I’ve continued to post my occasional reading coincidences on Twitter and/or Instagram. This is when two or more books that I’m reading at the same time or in quick succession have something pretty bizarre in common. Because I have so many books on the go at once – usually between 10 and 20 – I guess I’m more prone to such serendipitous incidents. (The following are in rough chronological order.)
What’s the weirdest coincidence you’ve had lately?
- Two titles that sound dubious about miracles: There Will Be No Miracles Here by Casey Gerald and The Unwinding of the Miracle: A Memoir of Life, Death, and Everything that Comes After by Julie Yip-Williams
- Two titles featuring light: A Light Song of Light by Kei Miller and The Age of Light by Whitney Scharer
- Grey Poupon mustard (and its snooty associations, as captured in the TV commercials) mentioned in There Will Be No Miracles Here by Casey Gerald and Drinking: A Love Story by Caroline Knapp
- “I Wanna Dance with Somebody” (the Whitney Houston song) referenced in There Will Be No Miracles Here by Casey Gerald and Don’t Call Us Dead by Danez Smith
- Two books have an on/off boyfriend named Julian: Drinking: A Love Story by Caroline Knapp and Extinctions by Josephine Wilson
- There’s an Aunt Marjorie in When I Had a Little Sister by Catherine Simpson and Extinctions by Josephine Wilson
- Set (at least partially) in a Swiss chalet: This Sunrise of Wonder by Michael Mayne and Crazy for God by Frank Schaeffer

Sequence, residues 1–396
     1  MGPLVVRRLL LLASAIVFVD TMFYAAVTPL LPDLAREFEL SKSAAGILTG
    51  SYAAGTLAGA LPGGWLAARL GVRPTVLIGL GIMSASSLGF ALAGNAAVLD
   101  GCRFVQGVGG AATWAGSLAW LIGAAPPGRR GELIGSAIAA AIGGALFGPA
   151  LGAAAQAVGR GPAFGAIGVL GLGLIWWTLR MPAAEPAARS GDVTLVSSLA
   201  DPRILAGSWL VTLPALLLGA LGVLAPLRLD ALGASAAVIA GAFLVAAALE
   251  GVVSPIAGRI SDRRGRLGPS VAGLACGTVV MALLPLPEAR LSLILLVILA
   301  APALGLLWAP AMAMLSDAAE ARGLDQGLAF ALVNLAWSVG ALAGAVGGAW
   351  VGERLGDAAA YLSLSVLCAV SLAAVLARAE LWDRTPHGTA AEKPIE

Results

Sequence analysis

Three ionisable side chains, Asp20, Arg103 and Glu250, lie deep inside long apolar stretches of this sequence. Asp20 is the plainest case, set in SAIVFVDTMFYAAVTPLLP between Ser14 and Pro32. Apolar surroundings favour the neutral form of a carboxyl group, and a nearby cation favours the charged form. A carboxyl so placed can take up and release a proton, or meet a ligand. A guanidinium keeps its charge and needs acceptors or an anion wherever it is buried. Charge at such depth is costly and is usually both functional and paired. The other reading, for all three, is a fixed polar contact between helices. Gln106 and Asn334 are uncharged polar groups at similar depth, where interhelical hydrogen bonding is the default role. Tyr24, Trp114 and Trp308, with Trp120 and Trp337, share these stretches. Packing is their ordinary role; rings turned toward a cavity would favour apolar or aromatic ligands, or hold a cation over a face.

- A character named Kiki in The Sacred and Profane Love Machine by Iris Murdoch, The Age of Light by Whitney Scharer, AND Improvement by Joan Silber
- Two books set (at least partially) in mental hospitals: Mind on Fire by Arnold Thomas Fanning and Faces in the Water by Janet Frame
- Two books in which a character thinks the saying is “It’s a doggy dog world” (rather than “dog-eat-dog”): The Friend by Sigrid Nunez and The Octopus Museum by Brenda Shaughnessy
- Reading a novel about Lee Miller (The Age of Light by Whitney Scharer), I find a metaphor involving her in My Year of Rest and Relaxation by Ottessa Moshfegh: (the narrator describes her mother) “I think she got away with so much because she was beautiful. She looked like Lee Miller if Lee Miller had been a bedroom drunk.” THEN I come across a poem in Clive James’s Injury Time entitled “Lee Miller in Hitler’s Bathtub”
- On the same night that I started Siri Hustvedt’s new novel, Memories of the Future, I also started a novel that had a Siri Hustvedt quote (from The Blindfold) as the epigraph: Besotted by Melissa Duclos